Photo courtesy of Fredde Lieberman Photography
Photo courtesy of Fredde Lieberman Photography

A new nightspot in Washington, D.C., is attracting a diverse set of customers thanks to the application of soundproofing measures to facilitate two different businesses with widely varying interior noise levels—a high-end restaurant and a nightclub.

At the site of a former bookstore, the Hamilton now stands as a five-level, 37,000-sq-ft restaurant and night club venue with two full-service kitchens, two dining rooms and six full-service bars.

The live music venue located on the building's lower level features brick arches and massive black spiral ductwork, along with two greenrooms for performers, a hardwood finished stage, a 5,000-sq-ft kitchen and a full-service bar built of solid cherry. The bar, with room for 600, also includes three tiers of seating.

The team, led by Forrester Construction Co., was challenged to mitigate sound transference from the lower-level live venue to the rest of the building.

For the purposes of soundproofing, the design team decided to have all ductwork, lighting and theatrical equipment exposed below an acoustical ceiling that would hide the view of multiple layers of sound-attenuation materials and isolation hangers.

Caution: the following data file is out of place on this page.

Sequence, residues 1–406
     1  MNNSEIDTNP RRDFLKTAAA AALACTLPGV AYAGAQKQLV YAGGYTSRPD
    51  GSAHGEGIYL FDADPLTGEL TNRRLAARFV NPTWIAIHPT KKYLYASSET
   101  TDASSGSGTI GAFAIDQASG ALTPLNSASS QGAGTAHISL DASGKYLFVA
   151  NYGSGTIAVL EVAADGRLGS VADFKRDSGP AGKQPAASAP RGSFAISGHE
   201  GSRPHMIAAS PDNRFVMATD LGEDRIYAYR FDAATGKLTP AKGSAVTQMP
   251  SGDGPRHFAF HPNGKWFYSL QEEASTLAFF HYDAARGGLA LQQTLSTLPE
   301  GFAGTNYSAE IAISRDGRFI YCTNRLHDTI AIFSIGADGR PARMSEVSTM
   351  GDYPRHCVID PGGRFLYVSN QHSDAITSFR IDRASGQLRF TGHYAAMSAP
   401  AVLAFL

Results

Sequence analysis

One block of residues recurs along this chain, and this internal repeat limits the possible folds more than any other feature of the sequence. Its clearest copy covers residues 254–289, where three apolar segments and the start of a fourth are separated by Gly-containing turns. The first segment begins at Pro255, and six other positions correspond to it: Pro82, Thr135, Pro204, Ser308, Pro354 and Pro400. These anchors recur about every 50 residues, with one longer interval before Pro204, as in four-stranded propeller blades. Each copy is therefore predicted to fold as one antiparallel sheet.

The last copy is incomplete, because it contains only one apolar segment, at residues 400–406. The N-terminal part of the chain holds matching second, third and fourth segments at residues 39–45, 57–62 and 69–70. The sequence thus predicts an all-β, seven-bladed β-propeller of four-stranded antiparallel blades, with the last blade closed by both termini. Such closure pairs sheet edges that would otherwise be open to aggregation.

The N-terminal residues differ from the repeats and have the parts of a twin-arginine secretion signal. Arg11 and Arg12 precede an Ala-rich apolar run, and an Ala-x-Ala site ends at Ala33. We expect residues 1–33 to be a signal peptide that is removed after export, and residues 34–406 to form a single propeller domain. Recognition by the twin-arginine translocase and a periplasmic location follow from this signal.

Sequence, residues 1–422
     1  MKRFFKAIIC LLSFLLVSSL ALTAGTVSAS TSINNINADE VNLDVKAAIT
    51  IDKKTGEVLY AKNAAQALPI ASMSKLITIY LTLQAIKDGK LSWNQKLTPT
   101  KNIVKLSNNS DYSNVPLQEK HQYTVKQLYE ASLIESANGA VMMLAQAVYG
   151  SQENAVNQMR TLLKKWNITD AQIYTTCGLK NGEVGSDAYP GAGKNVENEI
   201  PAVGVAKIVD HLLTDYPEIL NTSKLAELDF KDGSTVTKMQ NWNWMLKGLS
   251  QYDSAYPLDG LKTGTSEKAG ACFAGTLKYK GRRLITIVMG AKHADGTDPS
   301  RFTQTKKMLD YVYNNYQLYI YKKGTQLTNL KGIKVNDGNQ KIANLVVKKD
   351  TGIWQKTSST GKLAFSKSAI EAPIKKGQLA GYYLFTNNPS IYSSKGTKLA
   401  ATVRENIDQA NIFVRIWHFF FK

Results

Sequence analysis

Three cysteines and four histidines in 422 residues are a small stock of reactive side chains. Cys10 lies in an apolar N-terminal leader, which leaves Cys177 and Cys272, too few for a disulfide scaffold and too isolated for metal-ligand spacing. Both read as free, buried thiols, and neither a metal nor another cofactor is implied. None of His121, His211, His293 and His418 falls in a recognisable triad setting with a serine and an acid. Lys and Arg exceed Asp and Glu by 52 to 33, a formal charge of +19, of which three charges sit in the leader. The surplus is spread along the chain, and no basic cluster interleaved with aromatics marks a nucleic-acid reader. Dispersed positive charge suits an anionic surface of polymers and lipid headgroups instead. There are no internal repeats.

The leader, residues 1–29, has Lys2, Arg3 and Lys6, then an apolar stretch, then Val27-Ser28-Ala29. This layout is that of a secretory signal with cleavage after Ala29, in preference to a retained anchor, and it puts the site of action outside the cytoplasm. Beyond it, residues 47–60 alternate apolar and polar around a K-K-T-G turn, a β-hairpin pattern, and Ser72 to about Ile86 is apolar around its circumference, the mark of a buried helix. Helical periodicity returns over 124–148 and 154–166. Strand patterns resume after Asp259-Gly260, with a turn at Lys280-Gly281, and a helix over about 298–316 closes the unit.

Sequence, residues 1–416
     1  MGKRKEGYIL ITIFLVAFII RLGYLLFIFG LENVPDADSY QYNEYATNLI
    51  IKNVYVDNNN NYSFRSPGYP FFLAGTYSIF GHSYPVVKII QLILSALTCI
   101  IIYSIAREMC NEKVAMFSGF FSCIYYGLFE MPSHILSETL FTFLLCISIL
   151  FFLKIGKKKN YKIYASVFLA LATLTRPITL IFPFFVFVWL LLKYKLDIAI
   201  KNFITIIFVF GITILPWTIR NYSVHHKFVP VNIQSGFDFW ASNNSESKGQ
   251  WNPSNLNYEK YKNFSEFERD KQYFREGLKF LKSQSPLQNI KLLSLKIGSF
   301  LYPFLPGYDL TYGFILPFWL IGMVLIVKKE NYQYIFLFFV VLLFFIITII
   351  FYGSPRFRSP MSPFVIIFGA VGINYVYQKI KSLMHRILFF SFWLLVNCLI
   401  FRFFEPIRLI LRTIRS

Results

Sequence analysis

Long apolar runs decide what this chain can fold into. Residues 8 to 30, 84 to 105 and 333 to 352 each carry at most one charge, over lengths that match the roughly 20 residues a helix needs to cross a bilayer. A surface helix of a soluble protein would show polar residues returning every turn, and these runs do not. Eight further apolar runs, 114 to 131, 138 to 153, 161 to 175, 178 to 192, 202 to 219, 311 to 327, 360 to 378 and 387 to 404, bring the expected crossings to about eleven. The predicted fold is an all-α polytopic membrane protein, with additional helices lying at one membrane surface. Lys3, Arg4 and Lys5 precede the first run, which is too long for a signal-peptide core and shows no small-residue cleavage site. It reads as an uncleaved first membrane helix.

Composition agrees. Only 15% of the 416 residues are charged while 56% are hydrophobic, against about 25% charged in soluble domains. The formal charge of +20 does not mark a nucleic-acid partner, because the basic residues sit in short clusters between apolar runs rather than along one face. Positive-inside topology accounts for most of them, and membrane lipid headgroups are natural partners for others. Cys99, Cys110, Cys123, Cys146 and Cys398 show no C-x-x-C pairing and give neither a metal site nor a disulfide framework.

The ceiling incorporates acoustical insulation that is attached to two layers of gypsum board hung using isolators that are 6 in. from the decking. The design gives the ceiling a high Sound Transmission Class rating of 70.

Above, the high-class dining establishment features two separate bars and dining rooms, a main entry and a 7,000-sq-ft kitchen furnished with stainless-steel walls.

Interior finishes for the restaurant include a brass revolving door, ceramic tiles from China and India, and a ceiling made of specialized glass with metal patterned panels and enclosed by millwork trim. Crews added the ceiling structure to the existing space by installing engineered steel beams and columns that were later wrapped in millwork. The restaurant also features two wine rooms built with custom millwork.

The millwork posed significant challenges to the contractors. Incorporating several different types of wood provided by three different suppliers—in Pennsylvania, Vermont and Europe—the millwork had to match exactly in order to be installed as part of the same design element.

The team also had to send multiple millwork samples overseas for coordination of the specialty acoustical panels.

Through close coordination with the subcontractors, designers and consultants, Forrester Construction and its team were able to complete the project early and on budget.

Key Players

General Contractor: Forrester Construction Co., Rockville, Md.

Owner: Clyde’s Restaurant Group, Washington. D.C.

Lead Design: Rust Orling Architecture, Alexandria, Va.

Structural Engineer: McMullan & Associates, Vienna, Va.

MEP: Face Associates, McLean, Va.

Submitted by Forrester Construction Co.

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